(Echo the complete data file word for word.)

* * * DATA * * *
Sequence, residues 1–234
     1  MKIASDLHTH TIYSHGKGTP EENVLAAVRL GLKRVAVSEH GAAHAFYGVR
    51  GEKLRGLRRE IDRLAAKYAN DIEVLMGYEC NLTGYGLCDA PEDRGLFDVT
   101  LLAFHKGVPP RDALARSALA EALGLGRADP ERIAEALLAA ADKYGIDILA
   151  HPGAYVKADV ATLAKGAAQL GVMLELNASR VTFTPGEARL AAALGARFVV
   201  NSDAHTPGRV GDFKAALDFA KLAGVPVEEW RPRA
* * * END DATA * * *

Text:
Sequence, residues 1–234
     1  MKIASDLHTH TIYSHGKGTP EENVLAAVRL GLKRVAVSEH GAAHAFYGVR
    51  GEKLRGLRRE IDRLAAKYAN DIEVLMGYEC NLTGYGLCDA PEDRGLFDVT
   101  LLAFHKGVPP RDALARSALA EALGLGRADP ERIAEALLAA ADKYGIDILA
   151  HPGAYVKADV ATLAKGAAQL GVMLELNASR VTFTPGEARL AAALGARFVV
   201  NSDAHTPGRV GDFKAALDFA KLAGVPVEEW RPRA